I’ve been working on a proposal for a graphic novel since August, and I finally submitted it this past week. It was a ton of work, and I’m excited to have taken this step. I also privileged to have submitted it as the editor that I am working with solicited the proposal from me. Considering that I haven’t published any strips, pages, or minis beyond posting things to my social media accounts, it’s a fantastic position to be in. I’m crossing my fingers and doing all that I can to make sure it works out.
When I started taking comics making classes last year, I thought maybe I’d self-publish. I never anticipated an editor or publisher being interested in my work. As lucky as I am, publishing a graphic novel with an academic press has some advantages and disadvantages, and often times, the two overlap
First, my story is taking more of an academic turn than I anticipated or maybe than I wanted it to. I started studying how to make comics and making them to get away from academic publishing, to give myself something to focus on that I felt passionate about that did not have to do with my day job as a professor. Generally, I am passionate about my scholarship, but it is work, and the fact that I must do it gets me through the long hours of research and writing, not to mention the rough review and revision process. In my academic writing, the passion I feel for the topic I am writing about never survives past the first draft. I am worried that I will lose the passion for the story I am telling in my graphic novel when it gets to the more explicitly academic chapters. I guess I’ll deal with those feelings as they arise.
Second, most academic books make little if any money. While I wasn’t anticipating making money from my comics, a 150-page graphic novel is a lot of work, and not getting paid for it is a weird proposition to consider from the outset. However, I can use the project to fulfill research requirements for my job, which means I don’t have to worry about publishing anything else for work for the next year or two. Also, I can apply for grants to support my work next summer. I only get paid 9 months of the year even though I work on average 30 hours a week in the summer. (Side note: I typically work 50 hours a week during the school year. Academia, particularly jobs in the humanities, are a racket to be sure.)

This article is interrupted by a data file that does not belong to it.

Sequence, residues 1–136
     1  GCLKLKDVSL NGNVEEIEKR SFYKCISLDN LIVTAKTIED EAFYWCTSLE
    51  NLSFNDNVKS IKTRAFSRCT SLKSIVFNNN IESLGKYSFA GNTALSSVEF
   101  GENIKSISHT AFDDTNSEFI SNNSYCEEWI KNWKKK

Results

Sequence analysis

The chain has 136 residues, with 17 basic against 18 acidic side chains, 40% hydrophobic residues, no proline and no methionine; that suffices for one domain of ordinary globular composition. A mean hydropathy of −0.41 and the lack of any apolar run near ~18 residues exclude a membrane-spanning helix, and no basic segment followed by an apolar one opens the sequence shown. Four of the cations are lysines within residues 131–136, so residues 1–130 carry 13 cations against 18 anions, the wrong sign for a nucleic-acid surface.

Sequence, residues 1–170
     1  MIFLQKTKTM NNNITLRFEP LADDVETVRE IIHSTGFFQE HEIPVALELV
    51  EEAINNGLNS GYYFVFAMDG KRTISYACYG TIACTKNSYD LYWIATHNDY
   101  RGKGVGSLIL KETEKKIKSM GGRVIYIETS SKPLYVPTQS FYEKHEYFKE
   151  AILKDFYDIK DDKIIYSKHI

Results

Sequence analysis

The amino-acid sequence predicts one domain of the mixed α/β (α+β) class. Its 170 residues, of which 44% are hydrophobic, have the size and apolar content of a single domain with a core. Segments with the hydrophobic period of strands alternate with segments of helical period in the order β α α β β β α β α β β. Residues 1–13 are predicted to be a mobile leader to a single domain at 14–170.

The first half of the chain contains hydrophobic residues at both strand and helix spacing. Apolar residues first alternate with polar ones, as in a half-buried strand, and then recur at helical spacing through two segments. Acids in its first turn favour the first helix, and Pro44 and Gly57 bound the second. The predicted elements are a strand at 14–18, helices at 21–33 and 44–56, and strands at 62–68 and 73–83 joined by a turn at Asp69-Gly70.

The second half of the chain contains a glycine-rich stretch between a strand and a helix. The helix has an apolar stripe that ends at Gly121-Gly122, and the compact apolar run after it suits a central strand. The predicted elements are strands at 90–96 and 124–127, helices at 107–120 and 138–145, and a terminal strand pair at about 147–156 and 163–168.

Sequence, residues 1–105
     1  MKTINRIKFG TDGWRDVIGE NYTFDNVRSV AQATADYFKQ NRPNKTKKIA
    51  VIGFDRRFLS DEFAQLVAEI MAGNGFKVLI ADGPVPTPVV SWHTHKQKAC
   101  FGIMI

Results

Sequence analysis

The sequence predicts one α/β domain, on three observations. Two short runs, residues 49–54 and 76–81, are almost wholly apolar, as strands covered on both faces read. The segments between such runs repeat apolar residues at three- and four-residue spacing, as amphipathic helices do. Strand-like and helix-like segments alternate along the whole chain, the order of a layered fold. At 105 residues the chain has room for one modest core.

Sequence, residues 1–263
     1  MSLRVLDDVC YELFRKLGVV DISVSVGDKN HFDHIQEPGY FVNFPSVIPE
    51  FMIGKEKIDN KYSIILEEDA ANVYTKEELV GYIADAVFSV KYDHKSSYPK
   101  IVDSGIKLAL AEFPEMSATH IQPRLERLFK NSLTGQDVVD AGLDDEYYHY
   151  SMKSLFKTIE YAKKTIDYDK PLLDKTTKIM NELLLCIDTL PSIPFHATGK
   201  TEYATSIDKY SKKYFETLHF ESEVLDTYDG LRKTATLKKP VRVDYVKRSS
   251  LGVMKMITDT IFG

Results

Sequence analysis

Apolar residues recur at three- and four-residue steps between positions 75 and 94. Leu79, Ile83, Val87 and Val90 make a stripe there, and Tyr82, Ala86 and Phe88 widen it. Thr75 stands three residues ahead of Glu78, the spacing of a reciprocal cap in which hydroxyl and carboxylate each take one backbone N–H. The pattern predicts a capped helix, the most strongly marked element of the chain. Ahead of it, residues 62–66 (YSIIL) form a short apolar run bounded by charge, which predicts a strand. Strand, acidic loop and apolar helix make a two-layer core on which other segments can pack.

Finally, the editor/publisher I might be working with doesn’t have experience publishing graphic novels. My graphic novels would be the first such book in rhetoric and composition created entirely by a scholar in the field. While the editor is well-versed in book publishing, they aren’t familiar with the peculiarities of comics publishing. This might give me a lot of power in the process, but it also means that I will have to learn how each step of the process works myself, and I’ll have to initiate conversations about how we may need to do certain things differently than they would normally do them with books composed entirely of alphabetic text, including size, paper stock, printing specs and issues, cover design, promotion, etc., etc. I predict that I will learn a tremendous amount about publishing, in both academia and comics, over the next few years.
To give you some idea how different these worlds are, I’ll compare the proposal processes. While I have never submitted work to a comics publisher, I have explored the proposal process, and it differs quite a bit from what I had to do. Both processes require a synopsis of the work and sample art. Typically, a pitch package aimed at a comics publisher includes 10 finished, sequential pages up to and 50 pages of scripted thumbnails. For my proposal, I submitted a drawn chapter (half of which was finished art and the other half was detailed pencils and text) and the script for another chapter. Also, the pitch part of the package for a comic typically includes an overview, a synopsis of the entire book, a section about the creator(s), and maybe bios for the major characters). The academic book proposal is similar, but it also includes a section situating the book in the field by drawing on other people’s scholarship, a section addressing who the audience is for the book, and a section that compares the book to other books. Additionally, an academic book has to be reviewed by three anonymous reviewers. The review process can take months.
In terms of reviewers, I’m worried about all of them. I’m worried about getting folks who don’t read comics. They might not understand or appreciate the work. However, I am also worried about having reviewers who are comics fans or comics studies scholars. They might be nitpicky, even as they probably can’t make comics themselves. Whatever the case, it’s out of my hands. I just have to hope my ideas shine through.
I’ll update y’all later letting you know what happens. I’m not expecting to hear anything for at least a month. Maybe I’ll have something to really gives thanks for come late November.